Let’s continue our wanderings around La Serenissima.
Starting with yet another elevated viewpoint – the top landing of Scala Contarini del Bovolo.
It is not as high as some of the other platforms we already visited. Nonetheless, it offers excellent perspectives toward major landmarks. Close proximity of rooflines provides a different visual feel.
The surrounding courtyard is too small to fit in a good close-up angle of the exquisite staircase – this is the best I could do.
The next view is of Rio di San Severo, from the balcony of Palazzo Grimani.
Palazzo Grimani is all about amazing ceilings and stately rooms adorned with statuary.
Walking through the museum, you eventually reach this portal, and beyond that, its pièce de résistance, the room called Domus.
A few of the exceptional details of Ca’ d’Oro courtyard.
Ca’ d’Oro is one of the top art museums in Venice, offering an excellent bonus of terraces opening directly onto the Grand Canal, with a close view of the Rialto Market area.
View over Rio della Tetta from the terrace of Acqua Alta book store.
The libreria was the only place that I entered in all of my wanderings around town that was really crowded. Tight confines, lots of people – every photographic angle was full of posing strangers. As a result, I failed to capture anything of passable quality that illustrates the shop’s uncommon feel. For instance, in the shot above, I am actually standing on a staircase-slash-platform that is built out of old books. Any attempt to photograph those steps would have to include other people climbing the steps for a shot of themselves. I suppose I could get in line and ask someone to take a snapshot of me on the steps, but I only went around the line to the top of the platform to get the shot above. Oh, well, can’t win them all…
The flags on the right in the next perspective mark the place I just was at. In the middle of the frame now is Palazzo Tetta. It looks as if it’s an island in itself, which makes this perspective fairly frequently captured in various Venetian travelogues.
Examples of Venetian Gothic and Renaissance that are found on many squares vie with canals in terms of the eye-catching quotient.
A café on a quiet square facing a canal crossed by a bridge, and overlooked by a balcony with flowerpots – all of that comes together as a most pleasing composition.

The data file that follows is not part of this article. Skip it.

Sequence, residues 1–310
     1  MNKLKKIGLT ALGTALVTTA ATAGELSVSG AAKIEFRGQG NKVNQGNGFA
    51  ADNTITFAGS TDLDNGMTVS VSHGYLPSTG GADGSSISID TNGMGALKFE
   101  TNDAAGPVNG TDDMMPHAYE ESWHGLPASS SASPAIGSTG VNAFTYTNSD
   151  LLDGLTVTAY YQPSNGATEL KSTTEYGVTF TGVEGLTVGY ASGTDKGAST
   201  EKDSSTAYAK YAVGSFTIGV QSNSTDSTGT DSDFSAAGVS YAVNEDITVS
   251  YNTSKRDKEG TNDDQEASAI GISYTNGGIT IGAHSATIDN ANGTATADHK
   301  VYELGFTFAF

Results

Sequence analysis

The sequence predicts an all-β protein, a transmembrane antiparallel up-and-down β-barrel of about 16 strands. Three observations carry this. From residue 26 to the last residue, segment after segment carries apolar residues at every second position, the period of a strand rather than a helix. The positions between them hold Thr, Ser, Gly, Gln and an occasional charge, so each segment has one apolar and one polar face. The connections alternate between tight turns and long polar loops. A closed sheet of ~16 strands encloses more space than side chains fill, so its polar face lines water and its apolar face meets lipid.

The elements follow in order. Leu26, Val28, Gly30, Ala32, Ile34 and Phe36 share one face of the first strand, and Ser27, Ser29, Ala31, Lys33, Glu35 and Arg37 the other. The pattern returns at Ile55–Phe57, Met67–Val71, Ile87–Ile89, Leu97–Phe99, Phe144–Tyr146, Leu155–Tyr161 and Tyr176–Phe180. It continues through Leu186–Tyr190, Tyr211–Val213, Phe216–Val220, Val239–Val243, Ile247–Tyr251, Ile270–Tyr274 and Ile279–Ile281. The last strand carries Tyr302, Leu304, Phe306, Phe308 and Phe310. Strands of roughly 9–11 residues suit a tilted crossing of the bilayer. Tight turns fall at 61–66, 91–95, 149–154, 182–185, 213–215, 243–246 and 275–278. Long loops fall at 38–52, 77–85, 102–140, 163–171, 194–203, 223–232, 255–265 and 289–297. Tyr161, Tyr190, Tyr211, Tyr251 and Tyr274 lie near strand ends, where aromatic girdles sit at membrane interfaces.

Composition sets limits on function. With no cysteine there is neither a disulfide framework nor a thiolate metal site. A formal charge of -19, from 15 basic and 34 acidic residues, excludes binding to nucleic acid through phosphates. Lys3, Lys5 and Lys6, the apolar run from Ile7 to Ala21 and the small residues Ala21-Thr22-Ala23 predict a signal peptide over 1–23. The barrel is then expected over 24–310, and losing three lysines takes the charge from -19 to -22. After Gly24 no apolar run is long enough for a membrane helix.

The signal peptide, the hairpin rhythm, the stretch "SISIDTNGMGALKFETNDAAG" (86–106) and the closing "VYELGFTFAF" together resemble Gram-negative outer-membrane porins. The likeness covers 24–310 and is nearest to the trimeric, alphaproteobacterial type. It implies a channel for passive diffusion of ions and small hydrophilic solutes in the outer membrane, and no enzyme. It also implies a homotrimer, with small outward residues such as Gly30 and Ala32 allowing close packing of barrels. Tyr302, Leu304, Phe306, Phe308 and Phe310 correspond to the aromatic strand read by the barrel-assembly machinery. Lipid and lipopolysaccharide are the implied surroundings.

You can always count on a gondola to liven up a canal view.
The church of Santa Maria dei Miracoli is bashfully tucked away in the background of this perspective.
It is just a few steps from the major tourist paths but could really be in another world, so peaceful is its parish. It is also one of the most unusual churches in all of Venice, with a compact column-less marble nave leading to the elevated altar area.
Basilica dei Santi Giovanni e Paolo and the adjoining Scuola Grande di San Marco are another top sight in town. We saw examples of “great schools” and their most luxurious interiors in the previous installment. In the case of Scuola di San Marco, the exterior is enough to bowl you over.
Inside the school is the museum of medicine. Inside the basilica is the display of ecclesiastical arts on par or even better than at the Frari (that we have also seen in the last installment).
A couple of interior shots of a beautiful Baroque church of Santa Maria Assunta detta I Gesuiti.
Part of my itinerary was a trip to the island of San Michele, the city cemetery, which happens to be the resting place of several of my famous compatriots, such as Nobel Laureate Iosif Brodsky…
… composer Igor Stravinsky …
… or ballet impresario Sergej Diagilev.
This is both a historic and an active cemetery – flowers adorn many burial spots of passed locals.
In the channel separating the Venetian “mainland” from San Michele stands a bronze statue of Dante and Virgil in a gondola. Its official name is “Dante’s Barge”.
Let’s not end on a funereal note but instead take a glimpse of the very 21st-century expression of undying affection, the love locks.
Still more to come.